# ... or print directly
auto_print(lumen_to_candela_by_apex_angle, "25 lm", "120°") # prints "7.96 cd"

In case you can’t use UliEngineering, use this Python function:

import math

def lumen_to_candela_by_apex_angle(flux, angle):
    """
    Compute the luminous intensity from the luminous flux,
    assuming that the flux of <flux> is distributed equally around
    a cone with apex angle <angle>.

    Keyword parameters
    ------------------
    flux : value, engineer string or NumPy array
        The luminous flux in Lux.
    angle : value, engineer string or NumPy array
        The apex angle of the emission cone, in degrees
        For many LEDs, this is 

    >>> lumen_to_candela_by_apex_angle(25., 120.)
    7.957747154594769
    """
    solid_angle = 2*math.pi*(1.-math.cos((angle*math.pi/180.)/2.0))
    return flux / solid_angle

# Usage example
print(lumen_to_candela_by_apex_angle(25., 120.)) # Prints 7.957747154594769 (cd)

 

Posted by Uli Köhler in Calculators, Physics

How to set Access-Control-Allow-Origin * in nginx

To allow access from all origins, use

add_header 'Access-Control-Allow-Origin' '*' always;

You might want to add

add_header 'Access-Control-Allow-Methods' 'GET, POST, OPTIONS';

as well.

Posted by Uli Köhler in nginx

How to emulate the Enter key in Puppeteer

To emulate a keypress to the Enter key in Puppeteer, use

await page.keyboard.press("Enter");

The E needs to be uppercase for this to work!

Posted by Uli Köhler in Javascript, Puppeteer

How to emulate keyboard input in Puppeteer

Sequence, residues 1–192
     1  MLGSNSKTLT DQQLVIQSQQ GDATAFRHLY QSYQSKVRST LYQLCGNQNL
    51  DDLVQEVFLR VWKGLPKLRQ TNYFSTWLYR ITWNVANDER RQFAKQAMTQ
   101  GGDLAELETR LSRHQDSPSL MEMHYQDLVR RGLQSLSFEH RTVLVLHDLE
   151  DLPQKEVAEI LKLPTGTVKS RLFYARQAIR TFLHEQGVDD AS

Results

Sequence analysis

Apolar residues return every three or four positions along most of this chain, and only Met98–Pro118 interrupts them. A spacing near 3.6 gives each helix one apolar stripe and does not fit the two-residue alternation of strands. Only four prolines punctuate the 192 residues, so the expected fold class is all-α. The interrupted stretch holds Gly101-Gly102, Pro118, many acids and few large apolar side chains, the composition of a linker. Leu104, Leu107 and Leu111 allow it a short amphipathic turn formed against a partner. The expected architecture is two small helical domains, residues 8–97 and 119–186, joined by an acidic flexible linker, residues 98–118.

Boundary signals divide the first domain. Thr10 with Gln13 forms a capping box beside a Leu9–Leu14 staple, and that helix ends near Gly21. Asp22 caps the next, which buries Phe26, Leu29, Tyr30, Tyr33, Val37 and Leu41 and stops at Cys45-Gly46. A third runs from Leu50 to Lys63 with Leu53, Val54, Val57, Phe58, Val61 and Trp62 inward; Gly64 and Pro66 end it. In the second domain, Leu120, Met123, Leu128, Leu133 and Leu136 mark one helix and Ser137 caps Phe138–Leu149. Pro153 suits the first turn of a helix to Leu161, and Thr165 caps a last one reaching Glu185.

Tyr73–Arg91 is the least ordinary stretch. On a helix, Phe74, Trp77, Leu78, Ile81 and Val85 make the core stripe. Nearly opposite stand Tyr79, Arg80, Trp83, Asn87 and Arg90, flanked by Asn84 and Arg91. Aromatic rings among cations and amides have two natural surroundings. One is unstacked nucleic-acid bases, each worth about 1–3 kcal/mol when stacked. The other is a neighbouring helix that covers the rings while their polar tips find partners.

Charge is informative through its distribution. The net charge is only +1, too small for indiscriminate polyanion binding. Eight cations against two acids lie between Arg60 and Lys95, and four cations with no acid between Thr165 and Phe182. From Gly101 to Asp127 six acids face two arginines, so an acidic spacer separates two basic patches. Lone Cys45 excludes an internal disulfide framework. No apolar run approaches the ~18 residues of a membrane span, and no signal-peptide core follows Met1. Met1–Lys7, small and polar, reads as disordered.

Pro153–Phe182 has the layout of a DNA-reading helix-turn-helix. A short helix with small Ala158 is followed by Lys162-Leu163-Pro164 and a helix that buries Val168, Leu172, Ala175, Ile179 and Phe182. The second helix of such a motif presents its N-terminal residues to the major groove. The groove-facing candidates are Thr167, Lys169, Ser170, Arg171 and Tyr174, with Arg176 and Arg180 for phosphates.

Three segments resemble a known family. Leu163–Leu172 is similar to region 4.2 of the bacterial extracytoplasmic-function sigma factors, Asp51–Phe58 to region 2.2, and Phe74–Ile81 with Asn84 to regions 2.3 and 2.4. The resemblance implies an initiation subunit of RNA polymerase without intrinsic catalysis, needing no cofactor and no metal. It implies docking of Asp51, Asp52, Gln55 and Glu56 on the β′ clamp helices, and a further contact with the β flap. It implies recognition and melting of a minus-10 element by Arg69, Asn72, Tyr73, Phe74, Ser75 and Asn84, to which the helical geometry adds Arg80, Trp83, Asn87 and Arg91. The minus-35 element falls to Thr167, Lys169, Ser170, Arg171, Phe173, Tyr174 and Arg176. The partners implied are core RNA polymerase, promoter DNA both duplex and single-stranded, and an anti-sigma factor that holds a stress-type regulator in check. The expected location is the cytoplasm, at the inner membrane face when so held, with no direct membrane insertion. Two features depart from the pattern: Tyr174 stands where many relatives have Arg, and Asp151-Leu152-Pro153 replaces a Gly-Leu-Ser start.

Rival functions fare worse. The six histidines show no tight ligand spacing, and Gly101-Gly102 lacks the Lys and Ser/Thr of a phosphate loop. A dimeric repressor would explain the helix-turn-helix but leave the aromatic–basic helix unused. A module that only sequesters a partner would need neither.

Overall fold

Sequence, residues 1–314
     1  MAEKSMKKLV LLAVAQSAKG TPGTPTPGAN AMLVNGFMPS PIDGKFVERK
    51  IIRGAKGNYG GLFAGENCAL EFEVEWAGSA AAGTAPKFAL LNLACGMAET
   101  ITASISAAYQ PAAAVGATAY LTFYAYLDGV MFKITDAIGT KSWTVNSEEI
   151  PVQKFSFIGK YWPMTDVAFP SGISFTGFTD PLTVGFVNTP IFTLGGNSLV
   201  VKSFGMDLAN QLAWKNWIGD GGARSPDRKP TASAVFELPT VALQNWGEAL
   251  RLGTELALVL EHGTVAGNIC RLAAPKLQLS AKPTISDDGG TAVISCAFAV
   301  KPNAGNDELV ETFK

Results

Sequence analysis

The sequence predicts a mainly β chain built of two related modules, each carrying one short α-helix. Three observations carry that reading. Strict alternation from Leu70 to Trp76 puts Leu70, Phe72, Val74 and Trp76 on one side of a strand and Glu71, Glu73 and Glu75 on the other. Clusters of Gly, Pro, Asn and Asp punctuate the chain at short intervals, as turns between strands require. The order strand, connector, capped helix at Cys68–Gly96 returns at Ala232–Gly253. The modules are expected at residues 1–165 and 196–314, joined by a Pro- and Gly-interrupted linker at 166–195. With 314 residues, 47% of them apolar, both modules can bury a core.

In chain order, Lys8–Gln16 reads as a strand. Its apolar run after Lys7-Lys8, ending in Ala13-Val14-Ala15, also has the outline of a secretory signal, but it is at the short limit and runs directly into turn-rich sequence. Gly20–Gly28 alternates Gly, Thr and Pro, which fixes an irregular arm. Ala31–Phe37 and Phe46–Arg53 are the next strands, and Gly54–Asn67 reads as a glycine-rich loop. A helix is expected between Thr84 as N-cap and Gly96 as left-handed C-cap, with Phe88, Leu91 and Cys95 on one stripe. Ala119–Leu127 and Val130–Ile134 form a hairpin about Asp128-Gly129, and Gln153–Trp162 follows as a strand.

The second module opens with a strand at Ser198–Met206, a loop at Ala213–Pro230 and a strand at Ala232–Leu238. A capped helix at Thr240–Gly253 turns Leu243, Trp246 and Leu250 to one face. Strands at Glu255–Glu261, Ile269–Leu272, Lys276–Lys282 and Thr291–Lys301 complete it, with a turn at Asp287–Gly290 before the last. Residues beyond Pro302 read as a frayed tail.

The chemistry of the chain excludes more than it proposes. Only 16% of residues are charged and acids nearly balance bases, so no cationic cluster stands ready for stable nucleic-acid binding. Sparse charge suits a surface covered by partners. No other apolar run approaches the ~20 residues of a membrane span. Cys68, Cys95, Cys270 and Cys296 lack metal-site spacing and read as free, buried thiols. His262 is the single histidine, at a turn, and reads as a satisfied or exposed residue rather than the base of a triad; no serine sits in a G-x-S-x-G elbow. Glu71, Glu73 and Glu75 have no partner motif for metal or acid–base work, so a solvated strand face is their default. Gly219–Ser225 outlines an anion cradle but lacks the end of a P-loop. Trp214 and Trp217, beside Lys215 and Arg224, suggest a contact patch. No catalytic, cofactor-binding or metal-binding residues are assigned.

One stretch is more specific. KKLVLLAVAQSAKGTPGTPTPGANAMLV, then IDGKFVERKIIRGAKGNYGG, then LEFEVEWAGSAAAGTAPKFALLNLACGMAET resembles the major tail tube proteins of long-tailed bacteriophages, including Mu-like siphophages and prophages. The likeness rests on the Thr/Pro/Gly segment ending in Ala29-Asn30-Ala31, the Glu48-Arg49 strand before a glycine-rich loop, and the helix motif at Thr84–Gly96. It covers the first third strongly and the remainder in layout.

To emulate the user typing something on the keyboard, use

await page.keyboard.type("the text");

This will type the text extremely fast with virtually no delay between the characters.

In order to simulate the finite typing speed of real users, use

await page.keyboard.type("the text", {delay: 100});

instead. The delay betwen characters in this example is 100 Milliseconds, i.e. the emulated user types 10 characters per second.

Posted by Uli Köhler in Javascript, NodeJS, Puppeteer

How to emulate TAB key press in Puppeteer

In order to emulate a tab key press in Puppeteer, use

await page.keyboard.press("Tab");

Full example:

// Minimal puppeteer example
const puppeteer = require('puppeteer');
(async () => {
  const browser = await puppeteer.launch({defaultViewport: {width: 1920, height: 1080}});
  const page = await browser.newPage();
  await page.goto('https://techoverflow.net', {waitUntil: 'domcontentloaded'});
  // Press tab 10 times (effectively scrolls down on techoverflow.net)
  for (let i = 0; i < 10; i++) {
      await page.keyboard.press("Tab");
  }
  // Screenshot to verify result
  await page.screenshot({path: 'screenshot.png'});
  // Cleanup
  await browser.close();
})();

 

Posted by Uli Köhler in Javascript, Puppeteer